SJSU Jewish series offers a full menu on sustainability

While statewide budget cuts mean public schools around the Bay Area are pruning back, big things are in bloom at San Jose State University’s Jewish Studies department.

“Jews, Food and Sustainability,” a yearlong series that kicks off this month, will focus on sustenance and sustainability through a Jewish lens.

The expansive series will include five lectures/discussions open to the community, seders at Hillel of Silicon Valley and Chai House, and two community service days that highlight the connection between sustainability and Jewish values.

Victoria Harrison

The first session, slated for Sept. 27, “Celebration and Preservation: Our Role in Our Planet’s Health,” is timed to coincide with the High Holy Days. Local beekeeper Harold Goldberg will discuss the role of bees in the ecosystem, while Marina Grossman, executive director of the nonprofit Sustainable Silicon Valley, will speak about sustainable water. Local honey, apples and fresh-pressed cider will be served.

The series is presented by the Jewish Studies department in collaboration with faculty from San Jose State’s Nutrition, Food Science and Packaging department.

“Rosh Hashanah is the world’s birthday, when we basically celebrate the Earth,” said Marjorie Freedman, an assistant professor and expert on nutrition education and sustainability.

“If we’re looking at how to have a sustainable planet, we have to look at the cycle of it. We need healthy food, fruits and vegetables … and we need bees to pollinate those flowers.”

Victoria Harrison, the Jewish Studies department head who is leading the program with Freedman, said it’s exciting to get it off the ground after many months of conceptualizing and planning. She turned to the SJSU community for support after being denied a grant by the Legacy Heritage Jewish Studies Project, a program of the New York–based Association for Jewish Studies.

“When they didn’t end up granting it — and they really liked it, they had just done something similar not too long ago — we realized we had just put so much into it already, why not do it ourselves?” said Harrison. “We started raising gifts in the community, and the community really came through.”

Marjorie Freedman

In addition to generous individual gifts, the program was funded in part by the Koret Foundation, the Jewish Federation of Silicon Valley and Temple Emanu-El of San Jose.

Following the opening session, the coming months will see lectures on topics at the intersection of sustainability, food justice and Jewish themes, including “Celebrating the Harvest: California Native Edibles” (in October, timed with Sukkot); “Teaching Kids to Love the Earth and Eat Healthy” (in February, timed with Tu B’Shevat and followed by a Tu B’Shevat seder at Chai House); “It Takes a Village to Feed a Family” (in March, timed with Purim) and many more. In keeping with the theme, local, organic foods will be offered at each session.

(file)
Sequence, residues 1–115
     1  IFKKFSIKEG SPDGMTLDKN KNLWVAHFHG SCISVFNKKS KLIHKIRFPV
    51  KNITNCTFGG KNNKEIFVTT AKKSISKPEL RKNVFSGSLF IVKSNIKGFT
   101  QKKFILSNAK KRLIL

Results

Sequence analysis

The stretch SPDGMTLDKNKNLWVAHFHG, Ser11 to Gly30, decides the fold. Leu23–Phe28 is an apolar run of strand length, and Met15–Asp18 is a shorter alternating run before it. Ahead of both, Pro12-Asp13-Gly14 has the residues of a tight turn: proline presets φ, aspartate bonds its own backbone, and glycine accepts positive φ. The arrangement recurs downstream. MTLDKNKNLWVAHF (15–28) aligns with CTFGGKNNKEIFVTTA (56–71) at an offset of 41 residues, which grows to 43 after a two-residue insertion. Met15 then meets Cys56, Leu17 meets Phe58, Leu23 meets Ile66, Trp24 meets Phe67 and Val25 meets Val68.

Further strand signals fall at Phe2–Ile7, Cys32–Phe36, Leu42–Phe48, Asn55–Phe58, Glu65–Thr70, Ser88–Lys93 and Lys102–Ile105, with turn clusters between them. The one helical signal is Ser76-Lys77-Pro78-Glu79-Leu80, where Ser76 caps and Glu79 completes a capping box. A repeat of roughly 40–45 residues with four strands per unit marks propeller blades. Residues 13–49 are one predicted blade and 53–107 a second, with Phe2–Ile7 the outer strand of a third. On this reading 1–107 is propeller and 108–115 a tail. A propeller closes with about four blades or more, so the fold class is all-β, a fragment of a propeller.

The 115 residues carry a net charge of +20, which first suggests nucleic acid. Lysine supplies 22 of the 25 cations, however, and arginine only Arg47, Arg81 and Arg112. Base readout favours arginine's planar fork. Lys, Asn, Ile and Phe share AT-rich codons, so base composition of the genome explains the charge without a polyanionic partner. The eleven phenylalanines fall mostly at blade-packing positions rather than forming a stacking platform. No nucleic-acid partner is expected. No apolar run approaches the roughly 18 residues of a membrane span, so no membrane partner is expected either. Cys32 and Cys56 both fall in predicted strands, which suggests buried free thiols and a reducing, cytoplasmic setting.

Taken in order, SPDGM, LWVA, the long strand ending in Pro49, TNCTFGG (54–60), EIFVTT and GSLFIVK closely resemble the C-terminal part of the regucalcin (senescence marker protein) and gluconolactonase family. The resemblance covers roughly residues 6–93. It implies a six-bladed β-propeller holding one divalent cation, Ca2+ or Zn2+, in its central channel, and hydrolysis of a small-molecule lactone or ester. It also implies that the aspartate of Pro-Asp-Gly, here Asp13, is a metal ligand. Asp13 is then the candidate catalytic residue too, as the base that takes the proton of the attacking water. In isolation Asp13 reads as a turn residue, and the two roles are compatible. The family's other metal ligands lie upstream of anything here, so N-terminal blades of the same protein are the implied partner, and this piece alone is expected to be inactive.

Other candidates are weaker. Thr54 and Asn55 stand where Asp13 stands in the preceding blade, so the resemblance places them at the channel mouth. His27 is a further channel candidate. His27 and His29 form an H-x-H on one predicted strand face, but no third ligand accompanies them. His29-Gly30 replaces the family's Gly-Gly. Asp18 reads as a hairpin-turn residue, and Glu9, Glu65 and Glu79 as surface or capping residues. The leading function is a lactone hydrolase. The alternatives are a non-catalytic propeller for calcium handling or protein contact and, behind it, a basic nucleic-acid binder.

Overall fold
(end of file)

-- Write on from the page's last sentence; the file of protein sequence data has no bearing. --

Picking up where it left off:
Though working with a modest budget, Harrison said not getting the national grant actually helped to localize the program. “We wanted to see if we could go it alone,” she said. “We thought, what resources do we have here?”

Many of the program’s themes are inspired by Hazon, the New York–based environmental nonprofit, Harrison said. “We’re trying to be as environmentally friendly and sustainable as possible — we’ve made maybe 60 posters, and everything else is online.” The farthest any of the speakers will be traveling to attend is from San Francisco.

Harrison added that she’s pleased at how the program has brought the local Jewish community together, both on campus and off. The Silicon Valley JCRC and the Addison-Penzak JCC’s Center for Life and Learning have been consulted on programming, and students from Hillel and Chai House are helping to spread the word ahead of the first session.

If nothing else, organizers hope attendees will start to think critically about where their food comes from, and what part each individual can play in the sustainable food system.

“I think the idea is not only to increase people’s awareness about the issues, but to inspire them to actually take action, to change their behaviors with respect to eating, with respect to sustainability,” said Freedman. “Whether it’s learning about native bees, planting native in your own yard … Jews are social justice–minded people, and this can be part of the story. All of us can be making strides to better the planet.”


“Jews, Food and Sustainability” kicks off at 5 p.m. Sept. 27 at San Jose State University’s MLK Library, 150 E. San Fernando St., San Jose. Free. RSVP to (408) 924-5547 or [email protected]